Discovering Scotland’s Treasures: Western Isles
Partly inspired by the small luxury motor yachts of yore, but as tough as the two converted Scottish fishing trawlers that are her Majestic Line sister vessels, the Glen Etive is a pretty, 12-passenger ship that cruises the seaways of the Western Isles on round-trips from Oban. These are some of the most beautiful and beguiling waters in the world, a theatre of dazzling scenery, and rich in marine life and birds: sea eagles, eider duck and oystereatchers. Each of the 10 days brought the chance of a trip ashore, first stop was to the bars of Tobermory on Mull. A town as sweet as its name, the reflections of its primary-coloured, harbour-front houses wavered in the water as a music festival had the town jumping; we jumped too, to fiddles and accordions playing a swirling jig.
On the mainland we visited the 13th-century castle of Eilean Donan and the remote community of Knoydart, reachable only by boat from Mallaig (or an arduous 17-mile hike from the nearest road).
The Old Forge is the only pub I have seen that has a shower as well as the usual conveniences. The dramatic combination of sun-hail-wind was a perfect frame for this strange, evocative place. But the Glen Etive has been designed with a special objective: the wild island of St Kilda out in the Atlantic. Everything in these waters depends upon the weather and even though the ship has stabilisers to minimise the rolling and reeling through the swells, we didn’t make it. The weather gods have their own schedules and so, for now, it remains a grail.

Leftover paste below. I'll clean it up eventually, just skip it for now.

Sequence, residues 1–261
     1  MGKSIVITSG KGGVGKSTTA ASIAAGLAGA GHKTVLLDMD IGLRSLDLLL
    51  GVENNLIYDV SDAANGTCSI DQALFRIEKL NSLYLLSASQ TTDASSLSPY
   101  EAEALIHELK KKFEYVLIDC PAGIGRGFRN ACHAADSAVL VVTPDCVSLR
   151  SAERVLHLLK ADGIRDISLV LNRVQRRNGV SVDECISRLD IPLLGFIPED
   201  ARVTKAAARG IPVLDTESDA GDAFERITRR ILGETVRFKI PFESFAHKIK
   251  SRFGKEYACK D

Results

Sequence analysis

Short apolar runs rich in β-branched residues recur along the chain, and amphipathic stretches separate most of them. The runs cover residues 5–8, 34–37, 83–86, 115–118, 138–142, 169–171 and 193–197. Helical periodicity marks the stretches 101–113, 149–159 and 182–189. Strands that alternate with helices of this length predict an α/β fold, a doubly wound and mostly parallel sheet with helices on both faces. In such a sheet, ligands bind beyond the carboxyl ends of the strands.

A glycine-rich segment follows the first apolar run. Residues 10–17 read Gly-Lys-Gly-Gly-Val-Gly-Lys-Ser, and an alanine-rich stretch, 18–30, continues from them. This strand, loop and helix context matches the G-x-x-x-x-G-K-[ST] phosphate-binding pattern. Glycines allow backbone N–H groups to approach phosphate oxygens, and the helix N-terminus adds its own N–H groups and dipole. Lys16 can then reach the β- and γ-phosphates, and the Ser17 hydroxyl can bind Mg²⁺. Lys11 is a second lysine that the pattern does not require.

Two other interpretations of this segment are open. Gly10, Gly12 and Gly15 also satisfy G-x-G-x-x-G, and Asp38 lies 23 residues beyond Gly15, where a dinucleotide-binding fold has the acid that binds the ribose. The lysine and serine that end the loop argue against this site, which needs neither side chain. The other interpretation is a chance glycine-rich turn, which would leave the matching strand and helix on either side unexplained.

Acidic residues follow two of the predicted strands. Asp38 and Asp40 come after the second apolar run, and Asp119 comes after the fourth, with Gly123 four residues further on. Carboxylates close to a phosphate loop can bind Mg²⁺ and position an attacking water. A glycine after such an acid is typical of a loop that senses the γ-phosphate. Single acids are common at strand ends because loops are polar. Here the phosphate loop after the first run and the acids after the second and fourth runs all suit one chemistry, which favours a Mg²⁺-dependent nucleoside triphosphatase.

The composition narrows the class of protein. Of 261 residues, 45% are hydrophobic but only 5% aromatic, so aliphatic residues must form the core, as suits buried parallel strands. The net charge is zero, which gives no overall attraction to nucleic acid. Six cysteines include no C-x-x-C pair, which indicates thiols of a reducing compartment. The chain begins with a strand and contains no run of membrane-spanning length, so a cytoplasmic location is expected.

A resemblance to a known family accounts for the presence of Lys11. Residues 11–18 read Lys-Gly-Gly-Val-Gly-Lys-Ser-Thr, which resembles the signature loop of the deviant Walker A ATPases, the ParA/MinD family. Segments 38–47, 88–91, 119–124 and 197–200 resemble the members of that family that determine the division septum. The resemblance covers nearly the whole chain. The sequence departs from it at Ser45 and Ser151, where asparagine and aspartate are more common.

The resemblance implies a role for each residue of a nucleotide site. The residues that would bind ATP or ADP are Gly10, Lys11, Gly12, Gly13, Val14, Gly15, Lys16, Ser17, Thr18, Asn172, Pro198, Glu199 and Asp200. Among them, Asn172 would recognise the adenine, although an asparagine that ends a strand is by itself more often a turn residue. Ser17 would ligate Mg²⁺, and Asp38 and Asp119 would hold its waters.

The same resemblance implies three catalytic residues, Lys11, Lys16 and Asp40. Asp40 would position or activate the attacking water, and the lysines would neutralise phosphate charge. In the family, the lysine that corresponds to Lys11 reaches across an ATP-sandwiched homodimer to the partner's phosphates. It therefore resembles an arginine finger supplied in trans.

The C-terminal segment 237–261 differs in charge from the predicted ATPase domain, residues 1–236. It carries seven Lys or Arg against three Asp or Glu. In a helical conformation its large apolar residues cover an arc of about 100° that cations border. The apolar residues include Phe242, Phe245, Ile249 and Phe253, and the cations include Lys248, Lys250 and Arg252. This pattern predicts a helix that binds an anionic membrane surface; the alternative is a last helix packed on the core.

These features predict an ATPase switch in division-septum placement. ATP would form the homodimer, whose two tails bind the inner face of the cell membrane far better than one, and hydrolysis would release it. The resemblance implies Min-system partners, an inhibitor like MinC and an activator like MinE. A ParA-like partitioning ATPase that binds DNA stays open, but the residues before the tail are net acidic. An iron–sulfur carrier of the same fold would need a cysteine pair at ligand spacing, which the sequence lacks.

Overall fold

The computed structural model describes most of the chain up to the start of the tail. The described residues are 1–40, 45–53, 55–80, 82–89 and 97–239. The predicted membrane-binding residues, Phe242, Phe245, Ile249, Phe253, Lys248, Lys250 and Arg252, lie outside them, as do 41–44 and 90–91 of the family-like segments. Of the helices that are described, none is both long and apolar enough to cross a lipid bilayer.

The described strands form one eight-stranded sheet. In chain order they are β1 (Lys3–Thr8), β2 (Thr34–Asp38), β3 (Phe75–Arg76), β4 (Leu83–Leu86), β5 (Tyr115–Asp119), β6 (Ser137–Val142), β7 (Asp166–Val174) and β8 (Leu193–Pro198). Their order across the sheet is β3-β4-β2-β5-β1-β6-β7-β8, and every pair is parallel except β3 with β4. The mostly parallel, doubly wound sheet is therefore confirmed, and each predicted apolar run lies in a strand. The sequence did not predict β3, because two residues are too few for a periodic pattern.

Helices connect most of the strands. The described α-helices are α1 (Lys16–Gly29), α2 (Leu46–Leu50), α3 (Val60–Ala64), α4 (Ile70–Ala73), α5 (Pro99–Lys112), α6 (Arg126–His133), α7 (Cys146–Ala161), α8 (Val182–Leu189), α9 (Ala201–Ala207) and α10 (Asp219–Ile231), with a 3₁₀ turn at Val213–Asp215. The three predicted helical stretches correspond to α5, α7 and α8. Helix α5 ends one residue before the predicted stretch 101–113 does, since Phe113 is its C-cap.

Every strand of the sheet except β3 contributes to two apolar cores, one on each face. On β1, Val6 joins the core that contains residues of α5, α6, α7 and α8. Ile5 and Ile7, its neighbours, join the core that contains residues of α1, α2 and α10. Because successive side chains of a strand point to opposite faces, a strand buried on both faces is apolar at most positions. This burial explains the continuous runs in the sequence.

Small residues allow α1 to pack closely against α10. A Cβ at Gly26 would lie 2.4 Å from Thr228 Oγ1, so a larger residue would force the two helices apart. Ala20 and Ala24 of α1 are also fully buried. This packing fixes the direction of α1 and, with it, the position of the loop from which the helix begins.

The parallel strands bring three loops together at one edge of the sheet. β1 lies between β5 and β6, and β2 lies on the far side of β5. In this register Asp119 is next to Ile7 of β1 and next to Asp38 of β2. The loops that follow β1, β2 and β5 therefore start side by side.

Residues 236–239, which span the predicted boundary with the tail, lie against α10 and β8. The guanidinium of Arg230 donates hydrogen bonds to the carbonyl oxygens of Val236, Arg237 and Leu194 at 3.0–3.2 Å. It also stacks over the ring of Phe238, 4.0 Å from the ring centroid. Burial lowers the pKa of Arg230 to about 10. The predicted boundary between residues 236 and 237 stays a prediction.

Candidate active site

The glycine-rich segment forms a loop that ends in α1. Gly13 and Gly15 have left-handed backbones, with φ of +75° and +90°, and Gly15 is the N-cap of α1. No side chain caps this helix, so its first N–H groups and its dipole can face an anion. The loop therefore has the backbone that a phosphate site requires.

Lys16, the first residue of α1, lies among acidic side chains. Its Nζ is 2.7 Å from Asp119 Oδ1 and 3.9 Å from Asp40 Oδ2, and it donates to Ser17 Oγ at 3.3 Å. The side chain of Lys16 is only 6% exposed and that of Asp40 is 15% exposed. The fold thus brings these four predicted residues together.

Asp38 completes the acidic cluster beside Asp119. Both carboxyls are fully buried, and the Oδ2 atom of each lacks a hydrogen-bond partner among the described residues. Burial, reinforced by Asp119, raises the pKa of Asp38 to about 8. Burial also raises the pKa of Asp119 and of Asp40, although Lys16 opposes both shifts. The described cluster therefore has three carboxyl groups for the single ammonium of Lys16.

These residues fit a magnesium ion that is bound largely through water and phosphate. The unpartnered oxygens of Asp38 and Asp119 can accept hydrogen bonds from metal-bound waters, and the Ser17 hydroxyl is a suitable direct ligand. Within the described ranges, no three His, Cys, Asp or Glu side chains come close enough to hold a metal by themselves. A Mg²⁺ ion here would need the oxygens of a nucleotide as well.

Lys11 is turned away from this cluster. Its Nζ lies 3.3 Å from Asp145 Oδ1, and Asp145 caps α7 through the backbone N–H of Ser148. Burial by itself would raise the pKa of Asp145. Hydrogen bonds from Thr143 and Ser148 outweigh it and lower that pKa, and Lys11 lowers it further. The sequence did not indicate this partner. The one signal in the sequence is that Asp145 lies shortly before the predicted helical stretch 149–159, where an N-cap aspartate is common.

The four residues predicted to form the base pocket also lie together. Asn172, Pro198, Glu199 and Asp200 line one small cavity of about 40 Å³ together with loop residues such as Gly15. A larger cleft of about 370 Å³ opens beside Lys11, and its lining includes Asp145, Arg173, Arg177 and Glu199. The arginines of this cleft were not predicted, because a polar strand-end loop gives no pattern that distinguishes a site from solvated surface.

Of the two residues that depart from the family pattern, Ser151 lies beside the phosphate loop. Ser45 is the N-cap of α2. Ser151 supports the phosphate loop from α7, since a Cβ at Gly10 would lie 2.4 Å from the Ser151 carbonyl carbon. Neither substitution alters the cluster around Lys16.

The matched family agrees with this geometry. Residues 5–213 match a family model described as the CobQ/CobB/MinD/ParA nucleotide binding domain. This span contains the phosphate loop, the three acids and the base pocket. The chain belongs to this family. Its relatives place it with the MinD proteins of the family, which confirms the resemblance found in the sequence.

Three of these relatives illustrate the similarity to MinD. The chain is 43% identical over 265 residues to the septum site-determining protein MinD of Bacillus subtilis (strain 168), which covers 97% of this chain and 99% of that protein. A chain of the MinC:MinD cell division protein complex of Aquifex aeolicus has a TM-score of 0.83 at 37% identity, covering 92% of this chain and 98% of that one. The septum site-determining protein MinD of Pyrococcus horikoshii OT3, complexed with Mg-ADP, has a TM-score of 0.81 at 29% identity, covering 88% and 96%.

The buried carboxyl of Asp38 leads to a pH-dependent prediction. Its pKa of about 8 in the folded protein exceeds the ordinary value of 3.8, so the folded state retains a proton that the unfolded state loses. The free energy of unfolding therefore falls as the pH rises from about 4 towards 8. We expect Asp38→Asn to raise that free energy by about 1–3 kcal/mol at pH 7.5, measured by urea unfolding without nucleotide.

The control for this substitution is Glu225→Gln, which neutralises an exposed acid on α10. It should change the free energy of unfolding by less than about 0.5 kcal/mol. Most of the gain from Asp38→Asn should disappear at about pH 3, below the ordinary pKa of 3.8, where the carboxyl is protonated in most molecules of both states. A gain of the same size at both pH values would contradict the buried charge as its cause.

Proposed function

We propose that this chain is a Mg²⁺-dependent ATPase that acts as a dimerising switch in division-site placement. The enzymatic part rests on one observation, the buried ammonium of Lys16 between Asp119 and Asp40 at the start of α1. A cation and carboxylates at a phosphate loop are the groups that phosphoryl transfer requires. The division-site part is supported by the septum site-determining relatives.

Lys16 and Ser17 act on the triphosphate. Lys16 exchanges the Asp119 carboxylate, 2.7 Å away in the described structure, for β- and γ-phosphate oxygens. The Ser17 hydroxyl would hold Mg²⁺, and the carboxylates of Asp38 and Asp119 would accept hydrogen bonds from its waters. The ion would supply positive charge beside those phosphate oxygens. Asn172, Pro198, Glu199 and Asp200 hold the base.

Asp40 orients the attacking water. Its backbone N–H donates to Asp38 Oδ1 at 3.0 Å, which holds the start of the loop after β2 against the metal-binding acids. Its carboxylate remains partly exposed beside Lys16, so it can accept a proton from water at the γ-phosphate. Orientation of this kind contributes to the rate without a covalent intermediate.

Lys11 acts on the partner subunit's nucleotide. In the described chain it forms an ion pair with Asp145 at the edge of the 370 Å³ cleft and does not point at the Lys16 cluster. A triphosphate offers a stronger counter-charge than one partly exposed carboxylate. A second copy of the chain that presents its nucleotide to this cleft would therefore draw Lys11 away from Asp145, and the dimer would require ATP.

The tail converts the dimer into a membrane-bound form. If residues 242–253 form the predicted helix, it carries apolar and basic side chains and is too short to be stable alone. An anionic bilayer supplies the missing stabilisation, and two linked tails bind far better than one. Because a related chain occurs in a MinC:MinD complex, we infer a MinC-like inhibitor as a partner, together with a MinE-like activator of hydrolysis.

Accommodation on board is not spacious – small double cabins with en suite bathrooms -but it is comfortable and you spend little time there anyway. Guests are free to join the captain on the bridge when the ship is underway, to watch the islands and the snowy heads of the great mountains glide by. Passengers tend to be repeat bookings, often retired, and on my voyage all accomplished -writers, academics, a judge – so conversation was rich and varied in the dining room and saloon-cum-library on the main deck. The four-person crew were entirely adept at making the cruise feel like a shared adventure.
The star turn was chef Michael Weirwhose little galley turned out feast after feast made from fresh catches and local produce (he obviously enjoyed obtaining provisions as much as cooking them, one day trading a bottle of Bells for local langous tines which are normally flown to Ffance). The lamb was amazing. Those lemon carrots! Even the breakfast porridge came perfectly served with an optional glass of Jura whisky. No one added it, but there it was, every morning, just in case. You really need no intoxicants on this ship. If you have a pair of binoculars, a good book to read, or perhaps even one to write, then the feeling that travels with you on Glen Etive is that you want for nothing at all.